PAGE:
Flip or flop
Derek Adler of DeVore Acton & Stafford in Charlotte represented National Indemnity, which intervened in the case after the Georges moved to set aside the foreclosure sale. Adler said that the court, in its ruling, endeavored to establish some equity in the situation without disturbing a good-faith sale.
“I think what happened is the court saw a very unfortunate situation, and one that they are trying to make right while being bound by statute,” Adler said. “I think the majority did a really great job of saying, we’re not going to undo the good-faith conveyances to the buyers, and we’re not going to put that sort of restraint on the foreclosure process. But at the end of the opinion they say that the Georges can seek restitution.”
Preston Odom of James, McElroy & Diehl in Charlotte represented KPC Holdings. Odom could not be reached for comment on the decision.
James Galvin of Thurman, Wilson, Boutwell & Galvin in Charlotte represented the Georges. Galvin contended that canceling KPC’s deed would have avoided the harsh result issue by placing each party back in the position it was in before the improper foreclosure sale.
“I think the issue is, what is justice in this situation? We can look to protect the people that bid on HOA lien foreclosures, or we can look to protect the homeowner who was foreclosed upon unawares,” Galvin said. “When you’ve got a $200,000 [he estimated] piece of property unencumbered, and you’re walking away with it for $2,500, you need to understand that something’s not right here … our argument was that buying something for one percent of its value is not a good faith purchaser for value.”
Bryant’s dissent means that the Georges have a right to have an appeal heard by the Supreme Court, and Galvin confirmed that his clients were in the process of seeking such an appeal.
Designed to Sell
Anyone wondering how they too can get into the business of buying homes for pennies on the dollar may be disappointed to learn that attorneys for both sides said the sale of the Georges’ house was rather unusual in multiple respects. By definition, property is foreclosed upon to pay off debts, and many times those debts are worth almost as much as the property is, so foreclosure sales are often quite a lot of hassle for the profits involved.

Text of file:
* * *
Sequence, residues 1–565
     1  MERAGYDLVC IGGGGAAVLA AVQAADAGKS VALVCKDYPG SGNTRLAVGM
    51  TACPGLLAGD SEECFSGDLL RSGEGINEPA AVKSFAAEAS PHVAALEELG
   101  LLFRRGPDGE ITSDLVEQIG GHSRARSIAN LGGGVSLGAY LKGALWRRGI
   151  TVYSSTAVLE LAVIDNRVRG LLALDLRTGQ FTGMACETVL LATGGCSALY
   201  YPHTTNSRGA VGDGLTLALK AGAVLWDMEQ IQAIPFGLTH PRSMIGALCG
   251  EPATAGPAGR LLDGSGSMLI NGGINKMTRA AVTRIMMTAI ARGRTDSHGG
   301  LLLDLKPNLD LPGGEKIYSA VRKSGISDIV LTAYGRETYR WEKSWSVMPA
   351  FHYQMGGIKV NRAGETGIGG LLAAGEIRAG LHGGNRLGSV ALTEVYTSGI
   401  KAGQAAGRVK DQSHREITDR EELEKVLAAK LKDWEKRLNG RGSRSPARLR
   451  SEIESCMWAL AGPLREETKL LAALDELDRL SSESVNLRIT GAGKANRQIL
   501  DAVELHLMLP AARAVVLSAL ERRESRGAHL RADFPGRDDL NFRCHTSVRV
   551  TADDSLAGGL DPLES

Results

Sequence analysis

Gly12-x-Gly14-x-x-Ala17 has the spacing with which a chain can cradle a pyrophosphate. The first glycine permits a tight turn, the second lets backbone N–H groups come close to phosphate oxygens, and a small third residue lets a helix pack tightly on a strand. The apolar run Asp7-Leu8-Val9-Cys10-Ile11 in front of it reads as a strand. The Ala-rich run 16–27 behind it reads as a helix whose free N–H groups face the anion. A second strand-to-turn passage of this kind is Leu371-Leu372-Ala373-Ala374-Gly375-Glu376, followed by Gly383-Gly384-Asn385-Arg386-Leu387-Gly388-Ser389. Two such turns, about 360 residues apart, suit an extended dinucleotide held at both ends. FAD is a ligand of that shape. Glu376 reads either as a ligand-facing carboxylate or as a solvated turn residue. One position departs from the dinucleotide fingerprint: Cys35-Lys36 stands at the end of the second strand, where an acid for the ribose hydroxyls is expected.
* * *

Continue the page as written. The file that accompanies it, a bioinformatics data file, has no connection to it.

But the Georges were in the unusual position of being free and clear of their mortgage and owing no debts aside from the $200 in unpaid HOA fees—although Galvin said that the practice of HOAs placing liens on homes over trivially small debts was disturbingly common.
“It’s rare because foreclosure purchasing is a competitive market in Charlotte,” Adler said. “This is one that just kind of fell through the cracks and no one else saw it. There was nothing in the public record that would have prevented someone else from coming in and making a much larger bid, but for some reason that didn’t happen. It just wasn’t on any other business’s radar.”
But Galvin argued that precisely because bidding on properties in foreclosure sales is a high-risk enterprise, the pool of entities that do it tends to be small, and the people tend to know each other well. That can create a conducive environment for bidders to engage price-suppressing shenanigans, although he emphasized that there was no evidence that anything of that sort happened in this case.
Galvin said that if the ruling is upheld on appeal, his clients may seek restitution from the HOA, although he said his clients would prefer to simply get their house back—and even if the HOA was found to be liable for their losses, an HOA is unlikely to have that kind of cash just lying around.
The 32-page opinion is In re George (Lawyers Weekly No. 011-033-19). The full text of the opinion is available online at nclawyersweekly.com.
Follow David Donovan on Twitter @NCLWDonovan